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RE: Stranger in a Strange Land

From: Christopher B Ferris <chrisfer@us.ibm.com>
Date: Thu, 17 Apr 2003 07:38:05 -0400
To: www-ws-arch@w3.org
Message-ID: <OFB278DF29.2A7144E7-ON85256D0B.003E764F-85256D0B.003FE758@us.ibm.com>
I think that it is important to keep in mind the fact that SOAP is *much 
more* than
simply an envelope. It is also a processing model, an extension and 
binding framework.
It describes a graph serialization and RPC stylized usage and has a 
defined HTTP binding.

SOAP is intended to be used with more protocols than simply HTTP, although 
for interoperability,
HTTP will likely be the predominant usage for some time to come. However, 
as I said, there's 
more to SOAP than simply an envelope. 

When I was first introduced to SOAP, I had the same thoughts;  "What's the 
point?" I too thought
to myself on occasion in the early days "I don' need no steenkin' 
baadgess"

I believe David Burdett, Eric Newcomer and others have pointed out, it is 
when you start thinging 
about standardized headers for things such as security, reliability, 
correlation, etc... the metadata 
that typically accompanies messages except in the most simplistic uses, 
that SOAP, with its well defined
processing model, extension and binding framework, etc. can yield 
significant benefits.

I am not just saying this because of the fact that I work for a large 
vendor. I came to this point of
view after cherishing all that I learned participating in the XMLP WG and 
then finally grokking what all
the fuss was about. 

I can say with some confidence that I now "get it" and no longer think to 
myself "what's all the fuss about".
SOAP is an important aspect. Certainly not "the" most fundamental aspect, 
but an important one none
the less. I do think that it is the ability to also describe, in a 
standardized way, using an XML vocabulary
that is also a fundamental characteristic of Web services, and that it is 
some synergy of these that
is really what makes Web services important.

Cheers,

Christopher Ferris
Architect, Emerging e-business Industry Architecture
email: chrisfer@us.ibm.com
phone: +1 508 234 3624

www-ws-arch-request@w3.org wrote on 04/17/2003 04:21:26 AM:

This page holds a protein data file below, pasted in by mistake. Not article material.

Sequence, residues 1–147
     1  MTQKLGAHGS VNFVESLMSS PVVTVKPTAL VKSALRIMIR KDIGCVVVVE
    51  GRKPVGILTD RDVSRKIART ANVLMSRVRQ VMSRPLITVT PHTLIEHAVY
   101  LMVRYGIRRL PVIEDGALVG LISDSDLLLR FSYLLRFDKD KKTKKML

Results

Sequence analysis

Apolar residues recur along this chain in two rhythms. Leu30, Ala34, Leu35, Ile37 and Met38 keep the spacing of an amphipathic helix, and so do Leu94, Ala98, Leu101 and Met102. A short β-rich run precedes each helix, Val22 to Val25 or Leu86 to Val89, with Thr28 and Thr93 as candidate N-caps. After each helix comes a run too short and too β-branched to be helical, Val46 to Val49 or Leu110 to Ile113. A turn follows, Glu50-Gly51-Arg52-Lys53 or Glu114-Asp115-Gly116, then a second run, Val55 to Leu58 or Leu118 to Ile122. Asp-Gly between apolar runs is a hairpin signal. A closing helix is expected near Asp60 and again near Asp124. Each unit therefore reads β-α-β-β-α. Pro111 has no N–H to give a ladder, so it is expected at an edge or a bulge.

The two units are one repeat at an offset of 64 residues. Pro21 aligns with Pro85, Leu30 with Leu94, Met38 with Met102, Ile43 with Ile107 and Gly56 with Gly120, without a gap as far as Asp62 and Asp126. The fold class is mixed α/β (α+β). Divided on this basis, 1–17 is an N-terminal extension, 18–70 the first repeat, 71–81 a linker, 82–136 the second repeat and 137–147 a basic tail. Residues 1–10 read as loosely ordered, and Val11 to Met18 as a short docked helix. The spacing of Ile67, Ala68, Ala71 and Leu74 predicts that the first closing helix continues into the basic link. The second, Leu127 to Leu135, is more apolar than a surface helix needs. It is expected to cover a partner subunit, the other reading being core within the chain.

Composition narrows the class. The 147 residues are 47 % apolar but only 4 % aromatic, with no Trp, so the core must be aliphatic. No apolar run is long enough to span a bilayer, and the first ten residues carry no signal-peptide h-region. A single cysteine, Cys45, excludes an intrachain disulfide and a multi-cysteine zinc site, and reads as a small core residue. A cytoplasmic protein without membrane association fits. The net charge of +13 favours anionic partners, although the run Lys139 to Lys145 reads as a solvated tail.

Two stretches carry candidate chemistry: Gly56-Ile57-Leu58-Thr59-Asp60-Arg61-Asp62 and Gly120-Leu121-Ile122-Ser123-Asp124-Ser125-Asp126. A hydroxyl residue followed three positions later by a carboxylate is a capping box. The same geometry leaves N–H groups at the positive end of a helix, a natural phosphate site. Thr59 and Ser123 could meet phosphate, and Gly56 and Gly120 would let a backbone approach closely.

> Roger, David:
> 
> In addition to these points, I would add that there is already a set of 
actors and roles (i.e. 
> useful, active things that we don't want to reinvent) that understand 
SOAP envelopes - the idea of
> just throwing that away is saddening.
> 
> Jim
> -----Original Message-----
> From: www-ws-arch-request@w3.org [mailto:www-ws-arch-request@w3.org] On 
Behalf Of Burdett, David
> Sent: 17 April 2003 01:54
> To: 'Cutler, Roger (RogerCutler)'; www-ws-arch@w3.org
> Subject: RE: Stranger in a Strange Land

> I can't resist replying to this, and I will probably regret doing it, 
but here goes ...
> 
> Let's start with a question ... why does the USPS like envelopes with 
addresses on them in a standard place.
> 
> The answer (I guess) is so that they can more easily offer a lower cost 
postal delivery service to
> anyone who complies with their envelope standard. If there was no 
standard envelope format, then 
> they would have to do more work which would cost more - it's the usual 
"standards lead to lower 
> costs" argument.
> 
> Let's also face it we have envelopes already on the web, e.g. for HTTP 
and SMTP, people find them 
> useful but they only contain an address (e.g. a URL) and not much else.
> 
> So perhaps the real question is what reason is there to use a SOAP 
envelope over and above their 
> simpler HTTP or SMTP equivalents?
> 
> I think there is only one reason and its the same reason as for the 
USPS, i.e. it enables (or 
> perhaps more accurately will enable) a lower cost delivery service for 
electronic message.
> 
> Time for another a question. Why do FedEx and UPS exist and why can't 
they just use the same 
> envelope as the USPS or no envelope at all.
> 
> Again the answer is that for FedEx and UPS exist because they offer 
additional services at a 
> reasonable cost. They each have standard envelopes as they need 
additional information and putting
> that information on the envelope in a standard way makes it easier for 
them to offer the 
> additional services at a lower cost - just like the USPS
> 
> So what things could go in the SOAP envelope that allows additional 
value-added services to be 
> provided at lower cost through the use of standard infrastructure. The 
list I can think of includes:
> 1. Security - you can put a digital signature in there to secure the 
whole message
> 2. Reliable Delivery, you can use the headers for a RM protocol in there 
so that the application 
> need not be bothered to do the same
> 3. Conversation tracking. By using ids on a conversation you can have